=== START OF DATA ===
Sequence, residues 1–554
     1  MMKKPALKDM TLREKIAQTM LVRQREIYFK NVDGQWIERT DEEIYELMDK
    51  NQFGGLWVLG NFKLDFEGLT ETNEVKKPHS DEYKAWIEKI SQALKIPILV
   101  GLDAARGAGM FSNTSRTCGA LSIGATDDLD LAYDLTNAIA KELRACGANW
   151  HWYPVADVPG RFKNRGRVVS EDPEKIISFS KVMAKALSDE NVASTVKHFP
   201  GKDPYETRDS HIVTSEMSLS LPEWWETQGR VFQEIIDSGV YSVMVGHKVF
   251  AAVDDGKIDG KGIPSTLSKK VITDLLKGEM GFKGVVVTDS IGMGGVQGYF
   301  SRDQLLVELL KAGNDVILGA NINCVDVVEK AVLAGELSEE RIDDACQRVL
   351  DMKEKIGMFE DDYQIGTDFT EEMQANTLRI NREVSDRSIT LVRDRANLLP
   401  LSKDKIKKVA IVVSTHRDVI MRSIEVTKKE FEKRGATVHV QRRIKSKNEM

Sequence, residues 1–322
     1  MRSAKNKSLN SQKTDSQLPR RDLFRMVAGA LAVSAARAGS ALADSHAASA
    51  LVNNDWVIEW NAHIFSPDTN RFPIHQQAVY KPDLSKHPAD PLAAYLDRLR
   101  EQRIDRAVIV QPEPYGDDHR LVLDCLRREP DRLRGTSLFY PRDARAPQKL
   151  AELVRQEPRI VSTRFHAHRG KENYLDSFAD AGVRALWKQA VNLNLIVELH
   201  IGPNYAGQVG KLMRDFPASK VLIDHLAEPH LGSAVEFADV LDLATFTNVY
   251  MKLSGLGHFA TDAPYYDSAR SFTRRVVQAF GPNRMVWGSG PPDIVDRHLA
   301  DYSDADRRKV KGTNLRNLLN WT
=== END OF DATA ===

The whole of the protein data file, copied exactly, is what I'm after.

Sequence, residues 1–554
     1  MMKKPALKDM TLREKIAQTM LVRQREIYFK NVDGQWIERT DEEIYELMDK
    51  NQFGGLWVLG NFKLDFEGLT ETNEVKKPHS DEYKAWIEKI SQALKIPILV
   101  GLDAARGAGM FSNTSRTCGA LSIGATDDLD LAYDLTNAIA KELRACGANW
   151  HWYPVADVPG RFKNRGRVVS EDPEKIISFS KVMAKALSDE NVASTVKHFP
   201  GKDPYETRDS HIVTSEMSLS LPEWWETQGR VFQEIIDSGV YSVMVGHKVF
   251  AAVDDGKIDG KGIPSTLSKK VITDLLKGEM GFKGVVVTDS IGMGGVQGYF
   301  SRDQLLVELL KAGNDVILGA NINCVDVVEK AVLAGELSEE RIDDACQRVL
   351  DMKEKIGMFE DDYQIGTDFT EEMQANTLRI NREVSDRSIT LVRDRANLLP
   401  LSKDKIKKVA IVVSTHRDVI MRSIEVTKKE FEKRGATVHV QRRIKSKNEM

Sequence, residues 1–322
     1  MRSAKNKSLN SQKTDSQLPR RDLFRMVAGA LAVSAARAGS ALADSHAASA
    51  LVNNDWVIEW NAHIFSPDTN RFPIHQQAVY KPDLSKHPAD PLAAYLDRLR
   101  EQRIDRAVIV QPEPYGDDHR LVLDCLRREP DRLRGTSLFY PRDARAPQKL
   151  AELVRQEPRI VSTRFHAHRG KENYLDSFAD AGVRALWKQA VNLNLIVELH
   201  IGPNYAGQVG KLMRDFPASK VLIDHLAEPH LGSAVEFADV LDLATFTNVY
   251  MKLSGLGHFA TDAPYYDSAR SFTRRVVQAF GPNRMVWGSG PPDIVDRHLA
   301  DYSDADRRKV KGTNLRNLLN WT